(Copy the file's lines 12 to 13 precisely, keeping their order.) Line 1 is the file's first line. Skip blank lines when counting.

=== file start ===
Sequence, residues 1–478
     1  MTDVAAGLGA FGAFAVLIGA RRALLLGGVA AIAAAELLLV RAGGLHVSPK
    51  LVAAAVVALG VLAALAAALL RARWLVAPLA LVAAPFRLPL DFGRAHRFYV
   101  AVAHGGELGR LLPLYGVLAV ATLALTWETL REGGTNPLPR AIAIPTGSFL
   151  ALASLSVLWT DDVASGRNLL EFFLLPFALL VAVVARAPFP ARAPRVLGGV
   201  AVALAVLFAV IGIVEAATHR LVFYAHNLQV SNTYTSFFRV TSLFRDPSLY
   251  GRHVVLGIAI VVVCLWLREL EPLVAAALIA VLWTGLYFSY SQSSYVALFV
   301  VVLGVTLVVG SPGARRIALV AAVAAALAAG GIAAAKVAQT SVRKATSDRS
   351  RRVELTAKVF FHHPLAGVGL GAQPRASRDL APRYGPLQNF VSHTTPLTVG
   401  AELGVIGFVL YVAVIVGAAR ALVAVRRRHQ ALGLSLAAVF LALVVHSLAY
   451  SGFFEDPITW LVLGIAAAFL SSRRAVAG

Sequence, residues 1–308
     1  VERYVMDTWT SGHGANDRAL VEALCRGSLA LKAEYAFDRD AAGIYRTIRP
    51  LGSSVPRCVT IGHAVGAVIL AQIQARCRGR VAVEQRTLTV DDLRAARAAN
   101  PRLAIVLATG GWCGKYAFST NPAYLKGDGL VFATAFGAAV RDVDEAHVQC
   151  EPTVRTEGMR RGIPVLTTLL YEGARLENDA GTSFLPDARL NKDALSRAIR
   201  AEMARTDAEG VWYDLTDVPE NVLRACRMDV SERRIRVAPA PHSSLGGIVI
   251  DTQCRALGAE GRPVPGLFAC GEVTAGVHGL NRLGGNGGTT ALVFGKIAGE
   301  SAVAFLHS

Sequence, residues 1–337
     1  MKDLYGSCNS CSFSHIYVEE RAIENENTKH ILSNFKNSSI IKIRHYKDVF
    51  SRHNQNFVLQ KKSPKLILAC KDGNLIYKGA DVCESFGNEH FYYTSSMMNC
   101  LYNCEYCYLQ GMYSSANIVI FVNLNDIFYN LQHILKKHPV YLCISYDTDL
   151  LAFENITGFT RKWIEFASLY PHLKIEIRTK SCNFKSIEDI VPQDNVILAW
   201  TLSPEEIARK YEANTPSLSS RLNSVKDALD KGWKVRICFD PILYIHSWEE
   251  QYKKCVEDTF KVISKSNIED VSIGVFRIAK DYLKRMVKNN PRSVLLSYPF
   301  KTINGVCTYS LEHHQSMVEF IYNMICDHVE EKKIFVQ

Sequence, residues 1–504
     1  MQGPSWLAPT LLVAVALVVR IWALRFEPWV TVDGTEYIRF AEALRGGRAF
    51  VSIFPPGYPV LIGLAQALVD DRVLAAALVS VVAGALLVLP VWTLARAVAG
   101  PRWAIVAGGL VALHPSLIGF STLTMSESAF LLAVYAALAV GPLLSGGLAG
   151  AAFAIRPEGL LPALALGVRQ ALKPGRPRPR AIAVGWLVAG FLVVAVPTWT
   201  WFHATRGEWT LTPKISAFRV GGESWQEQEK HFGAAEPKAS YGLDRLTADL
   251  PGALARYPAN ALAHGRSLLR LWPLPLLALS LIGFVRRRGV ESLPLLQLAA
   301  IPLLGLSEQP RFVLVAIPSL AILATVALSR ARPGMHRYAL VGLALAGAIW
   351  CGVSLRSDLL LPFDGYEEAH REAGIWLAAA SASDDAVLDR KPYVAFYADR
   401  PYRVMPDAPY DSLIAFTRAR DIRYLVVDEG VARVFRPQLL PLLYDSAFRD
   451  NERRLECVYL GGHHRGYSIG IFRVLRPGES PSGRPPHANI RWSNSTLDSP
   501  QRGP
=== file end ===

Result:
Sequence, residues 1–308
     1  VERYVMDTWT SGHGANDRAL VEALCRGSLA LKAEYAFDRD AAGIYRTIRP